Fewer deaths from cancer in the U.S.

According to a new report fewer Americans are dying of cancer even though the rates of new cancers remains the same.

The report, the 'Annual Report to the Nation on the Status of Cancer', has been compiled by leading cancer organizations in the U.S. and includes comprehensive data on trends over the past several decades for all major cancers.

The report shows that the long-term decline in overall cancer death rates continued through 2003 for all races and both sexes combined, but the declines were greater among men than women.

Nevertheless the rates for men still remain 46 percent higher than for women.

Death rates decreased for 11 of the 15 most common cancers in men and for 10 of the 15 most common cancers in women and this is partly attributed to successful efforts to reduce exposure to tobacco, earlier detection through screening, and more effective treatment.

The rate at which new cancers are diagnosed for both sexes and all races combined have been stable from 1992 through 2003.

The report, which appears annually, is a joint effort from the American Cancer Society, the U.S. Centers for Disease Control and Prevention, the U.S. National Cancer Institute and the North American Association of Central Cancer Registries.

Data on new cancer diagnoses came from state and regional population-based cancer registries, and data on cancer deaths came from the CDC's National Vital Statistics System.

Among women, incidence rates decreased for:

  • colon and rectum cancers and cancers of the uterus,
  • oral cancers,
  • stomach and cervical cancers.

But they increased for:

  • non-Hodgkin lymphoma (NHL),
  • melanoma,
  • leukemia
  • and cancers of the lung, bladder, and kidney.
  • The biggest increase has been in thyroid cancer.

Among men, incidence rates have decreased for:

  • colon and rectum cancers,
  • stomach and oral cancers,
  • and lung cancer.

They have increased for:

  • prostate cancer,
  • myeloma,
  • leukemia,
  • cancers of the liver,
  • kidney and esophagus.

The researchers suggest the rising trends of some cancers are likely explained in part by changes in medical surveillance, but may also be a result of changes in risk factors.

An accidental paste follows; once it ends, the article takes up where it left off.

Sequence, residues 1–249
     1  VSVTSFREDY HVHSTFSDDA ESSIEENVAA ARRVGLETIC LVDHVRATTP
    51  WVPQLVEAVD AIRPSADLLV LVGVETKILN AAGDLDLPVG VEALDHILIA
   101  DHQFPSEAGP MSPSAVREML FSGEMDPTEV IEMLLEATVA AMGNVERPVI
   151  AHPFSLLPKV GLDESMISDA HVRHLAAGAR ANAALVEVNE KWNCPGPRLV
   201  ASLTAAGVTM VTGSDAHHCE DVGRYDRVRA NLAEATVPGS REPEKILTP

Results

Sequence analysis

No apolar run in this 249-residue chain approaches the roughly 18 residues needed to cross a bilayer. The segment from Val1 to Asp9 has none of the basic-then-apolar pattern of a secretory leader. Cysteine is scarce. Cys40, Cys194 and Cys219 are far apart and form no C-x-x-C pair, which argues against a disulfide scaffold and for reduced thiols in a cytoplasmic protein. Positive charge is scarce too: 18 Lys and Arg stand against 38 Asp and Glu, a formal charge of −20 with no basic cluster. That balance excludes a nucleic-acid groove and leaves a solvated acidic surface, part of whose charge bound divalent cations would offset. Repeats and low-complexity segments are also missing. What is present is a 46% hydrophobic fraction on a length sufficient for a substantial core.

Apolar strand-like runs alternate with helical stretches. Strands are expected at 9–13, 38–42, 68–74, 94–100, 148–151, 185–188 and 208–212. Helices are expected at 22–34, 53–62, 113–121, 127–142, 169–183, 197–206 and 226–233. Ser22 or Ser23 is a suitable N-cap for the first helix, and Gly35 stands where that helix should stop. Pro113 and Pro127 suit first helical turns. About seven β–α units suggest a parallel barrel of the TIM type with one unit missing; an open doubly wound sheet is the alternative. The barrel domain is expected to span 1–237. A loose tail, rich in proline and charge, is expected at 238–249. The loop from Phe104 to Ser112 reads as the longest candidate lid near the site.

The report includes a special section on cancer among U.S. Latino/Hispanic populations and found that for 1999 to 2003, Latinos had lower incidence rates than non-Hispanic whites (NHW) for most cancers, but were less likely than the NHW population to be diagnosed with localized stage disease for cancers of the lung, colon and rectum, prostate, female breast, and cervix.

Latino children however have higher incidence rates of leukemia, retinoblastoma, osteosarcoma, and germ cell tumors than do non-Latino white children.

Several of the cancers with higher incidence rates in Latinos often have infectious origins: human papilloma virus (HPV) in cervical cancer; Helicobacter pylori (H. pylori) in stomach cancer; and Hepatitis B (HBV) and Hepatitis C (HCV) in liver cancer.

The report highlights possible causes, among them, lower education, health literacy, and income; limited English proficiency; reduced use of screening services; limited access to health care, due to lack of insurance; and less information available regarding possible genetic predisposition to cancer.

NCI Director John Niederhuber, M.D.says the information demonstrates a need for education on the ways to reduce cancer risks.

CDC Director Julie Gerberding, M.D. says the progress in the fight against cancer continues but there is no room for complacency and the provision of resources for prevention, screening, and early detection, and promoting healthy behaviors which are proven strategies to reduce the burden of cancer, must be ensured.


The opinions expressed here are the views of the writer and do not necessarily reflect the views and opinions of News Medical.
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